Starting A New Flock From Sick Birds


15 Years
Mar 24, 2008
Marietta, SC
Hey All,

I have a friend dealing with Infectious Coryza in their flock. I have informed them that they should cull and start fresh and many of their birds are replaceable from a hatchery. However a select few arent replaceable and my friend wants to hatch from the carrier birds which from what I read is possible as It isnt transmitted via egg. I confirmed it was coryza as the birds have white faces, swollen eyes underneath, gasping, coughing, sneezing, and some have sealed eyes. And the odor confirmed coryza. I was trying to advise them how to keep the two pens of infected breeders across their yard and to diapose of everything else thats hatchery stock and replaceable. What would be the best route?

This person has geese, ducks, turkeys and chickens. Would they need to get rid of the ducks, geese, and turkeys too? Would they reinfect their flock? I noticed their turkeys were sneezing and wet nosed too. I think they are wanting to hatch chicks and put the healthy chicks in the clean area of the yard and then get rid of the sick parents. How long would it take to be considered safe before adding birds back to the pens and how and what procedures should be done to get rid of this disease and help them get a clean flock. Ive given them all I could find on here and they are aware medication will make them well but still carriers. My question is can this be done like they want and how could the carrier birds be kept on the property so they dont infect the new birds. What time frame before they introduce new birds to the pens where the infected birds were? Would it be safe to keep the carrier birds 50+ feet apart? They dont want to destroy their coops, they just finished constructing them and spent a couple grand to make breeding pens. Will the disease spread via air if the birds are treated and no longer sneezing? Also is white faces coryza as well or is it worms or pests?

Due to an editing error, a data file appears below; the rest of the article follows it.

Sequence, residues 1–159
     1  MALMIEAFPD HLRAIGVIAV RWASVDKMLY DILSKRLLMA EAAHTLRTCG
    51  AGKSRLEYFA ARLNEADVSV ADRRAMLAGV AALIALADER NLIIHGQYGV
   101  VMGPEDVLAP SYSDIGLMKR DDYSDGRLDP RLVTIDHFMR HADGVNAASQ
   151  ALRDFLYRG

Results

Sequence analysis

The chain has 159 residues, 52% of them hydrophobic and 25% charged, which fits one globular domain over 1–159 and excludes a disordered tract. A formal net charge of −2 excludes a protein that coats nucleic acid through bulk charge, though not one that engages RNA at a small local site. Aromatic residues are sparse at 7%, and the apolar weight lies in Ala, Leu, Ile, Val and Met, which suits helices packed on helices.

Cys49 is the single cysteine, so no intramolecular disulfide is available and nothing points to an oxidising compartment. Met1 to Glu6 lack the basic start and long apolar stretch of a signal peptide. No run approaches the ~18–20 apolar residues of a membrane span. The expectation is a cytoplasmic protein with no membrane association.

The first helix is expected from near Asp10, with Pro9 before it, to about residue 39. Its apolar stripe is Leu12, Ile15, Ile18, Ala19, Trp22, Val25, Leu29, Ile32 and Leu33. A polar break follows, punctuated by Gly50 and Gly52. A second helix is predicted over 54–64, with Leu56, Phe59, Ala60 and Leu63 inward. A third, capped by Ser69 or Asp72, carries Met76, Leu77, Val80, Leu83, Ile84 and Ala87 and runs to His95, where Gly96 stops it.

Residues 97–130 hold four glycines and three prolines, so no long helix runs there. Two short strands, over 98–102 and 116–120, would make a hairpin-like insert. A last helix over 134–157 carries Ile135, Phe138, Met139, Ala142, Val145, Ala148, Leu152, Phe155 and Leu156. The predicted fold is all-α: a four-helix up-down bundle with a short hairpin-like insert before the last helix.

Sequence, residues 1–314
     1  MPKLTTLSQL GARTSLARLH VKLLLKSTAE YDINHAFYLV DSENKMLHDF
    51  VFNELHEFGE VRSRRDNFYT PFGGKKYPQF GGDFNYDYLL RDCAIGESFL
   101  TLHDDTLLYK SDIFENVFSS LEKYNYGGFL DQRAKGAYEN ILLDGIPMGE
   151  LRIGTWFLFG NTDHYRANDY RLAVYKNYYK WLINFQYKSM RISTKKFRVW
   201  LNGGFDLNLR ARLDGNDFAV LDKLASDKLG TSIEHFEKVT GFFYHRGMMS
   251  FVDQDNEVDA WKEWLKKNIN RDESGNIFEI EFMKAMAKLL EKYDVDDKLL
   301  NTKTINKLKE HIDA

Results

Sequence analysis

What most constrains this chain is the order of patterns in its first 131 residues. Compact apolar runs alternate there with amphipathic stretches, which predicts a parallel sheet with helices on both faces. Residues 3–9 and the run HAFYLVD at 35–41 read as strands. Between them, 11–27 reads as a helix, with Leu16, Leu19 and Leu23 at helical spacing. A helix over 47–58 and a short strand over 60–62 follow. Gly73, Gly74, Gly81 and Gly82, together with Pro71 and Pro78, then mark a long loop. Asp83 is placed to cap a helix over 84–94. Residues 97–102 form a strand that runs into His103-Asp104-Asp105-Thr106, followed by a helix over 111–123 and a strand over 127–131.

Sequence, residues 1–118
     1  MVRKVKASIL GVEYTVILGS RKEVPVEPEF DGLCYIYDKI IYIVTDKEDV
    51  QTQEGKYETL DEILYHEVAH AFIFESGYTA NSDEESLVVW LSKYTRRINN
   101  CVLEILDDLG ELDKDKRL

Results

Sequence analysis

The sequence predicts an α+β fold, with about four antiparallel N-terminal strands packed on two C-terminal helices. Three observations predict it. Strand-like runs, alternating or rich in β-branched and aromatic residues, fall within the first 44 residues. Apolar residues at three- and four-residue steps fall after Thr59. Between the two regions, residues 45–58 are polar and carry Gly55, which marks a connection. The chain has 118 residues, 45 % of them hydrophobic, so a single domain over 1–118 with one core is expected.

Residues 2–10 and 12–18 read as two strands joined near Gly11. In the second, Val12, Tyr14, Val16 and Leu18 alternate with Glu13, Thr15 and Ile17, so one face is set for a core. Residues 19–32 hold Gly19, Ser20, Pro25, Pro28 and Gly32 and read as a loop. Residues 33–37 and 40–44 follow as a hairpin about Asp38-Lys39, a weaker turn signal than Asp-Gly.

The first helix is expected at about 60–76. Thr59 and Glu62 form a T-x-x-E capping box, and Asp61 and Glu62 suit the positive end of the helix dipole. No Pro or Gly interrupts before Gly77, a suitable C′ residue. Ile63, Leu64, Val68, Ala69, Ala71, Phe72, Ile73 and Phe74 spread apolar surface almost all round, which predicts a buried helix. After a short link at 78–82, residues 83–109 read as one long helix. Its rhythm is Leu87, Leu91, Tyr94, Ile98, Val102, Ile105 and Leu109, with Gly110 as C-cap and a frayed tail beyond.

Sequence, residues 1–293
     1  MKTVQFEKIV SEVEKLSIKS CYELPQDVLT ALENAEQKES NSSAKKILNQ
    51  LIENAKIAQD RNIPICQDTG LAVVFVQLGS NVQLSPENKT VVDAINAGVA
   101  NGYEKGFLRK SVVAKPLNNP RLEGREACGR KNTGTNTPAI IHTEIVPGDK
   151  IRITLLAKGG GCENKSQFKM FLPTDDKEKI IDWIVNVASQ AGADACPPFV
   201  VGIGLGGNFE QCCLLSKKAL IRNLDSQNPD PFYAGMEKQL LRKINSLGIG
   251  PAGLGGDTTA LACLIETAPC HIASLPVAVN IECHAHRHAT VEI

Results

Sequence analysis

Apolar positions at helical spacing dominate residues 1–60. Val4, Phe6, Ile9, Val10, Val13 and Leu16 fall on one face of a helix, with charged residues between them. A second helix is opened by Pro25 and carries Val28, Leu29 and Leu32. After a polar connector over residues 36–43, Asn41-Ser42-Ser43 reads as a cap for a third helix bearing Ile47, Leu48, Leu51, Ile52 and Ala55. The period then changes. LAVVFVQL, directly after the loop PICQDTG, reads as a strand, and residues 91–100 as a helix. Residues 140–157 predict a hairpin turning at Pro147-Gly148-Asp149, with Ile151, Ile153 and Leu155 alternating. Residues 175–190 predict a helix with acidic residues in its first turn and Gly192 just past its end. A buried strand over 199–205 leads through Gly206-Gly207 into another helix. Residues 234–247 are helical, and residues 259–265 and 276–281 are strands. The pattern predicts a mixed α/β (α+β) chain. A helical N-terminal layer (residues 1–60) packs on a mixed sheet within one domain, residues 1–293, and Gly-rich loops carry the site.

Many Thanks. Ill check in as time allows. Im trying to help them but stay busy myself.
I read somewhere you can dip the eggs to sanitize them, which I would do because there could be bacteria on the egg that could infect fresh hatches, even if they aren't affected during development. Also, since it can be spread through the air/dust particles etc, culling the flock would be best if a disease free flock is the goal. No need to destroy the coops or pens. Simply sanitizing, waiting, and sanitizing and waiting some more should do. If its hot and sunny, I've read the UV rays will kill stuff like that in open areas. I'd wait month(S) before re-introducing birds to runs that couldn't be hosed in bleach. Be aware that all poo remnants should be removed so dangerous fumes aren't created. Not sure if other birds can be carriers. Ovbviously if the bacteria is on them physically, it could be transmitted off their feet/feathers. I think quail/pheasants could be affected too. I would be concerned about how they contracted the bacteria to start with! So culling and sanitizing is all well and good, but if it came from a newbie, you'd want to know where it came from and avoid reinfecting after you clean up.
I think they had bought birds from a breeder and the birds were healthy but shed it too their ordered birds. I hate seeing them go through this as I had told them how to tell if they were sick. I just am trying to tell them how to build a new flock from their show birds that are clean. Ive heard its possible just want more advice and I thought I would have more replies than this. Is BYC no longer that active?
Its active if you ask in the right place, but probably still won't get very good feedback. Well, unfortunately with sick/carrier birds, the response is usually the same from everyone-for every disease. Either have a closed carrier flock, or cull, sanitize, and start over. Of course after starting again, practice good biosecurity. Wish there was a better way to go about it. If they really like the show birds, I'd give it a shot. Just start back small. Setup clean eggs in the incubator, separate the layers in case the hatch goes bad. Keep them as FAR away from everything as possible, AND downwind. Sanitize and wing it. Once the chicks are reintroduced with the geese and such, just watch for signs of sickness. If they never get sick, then theyre probably ok.

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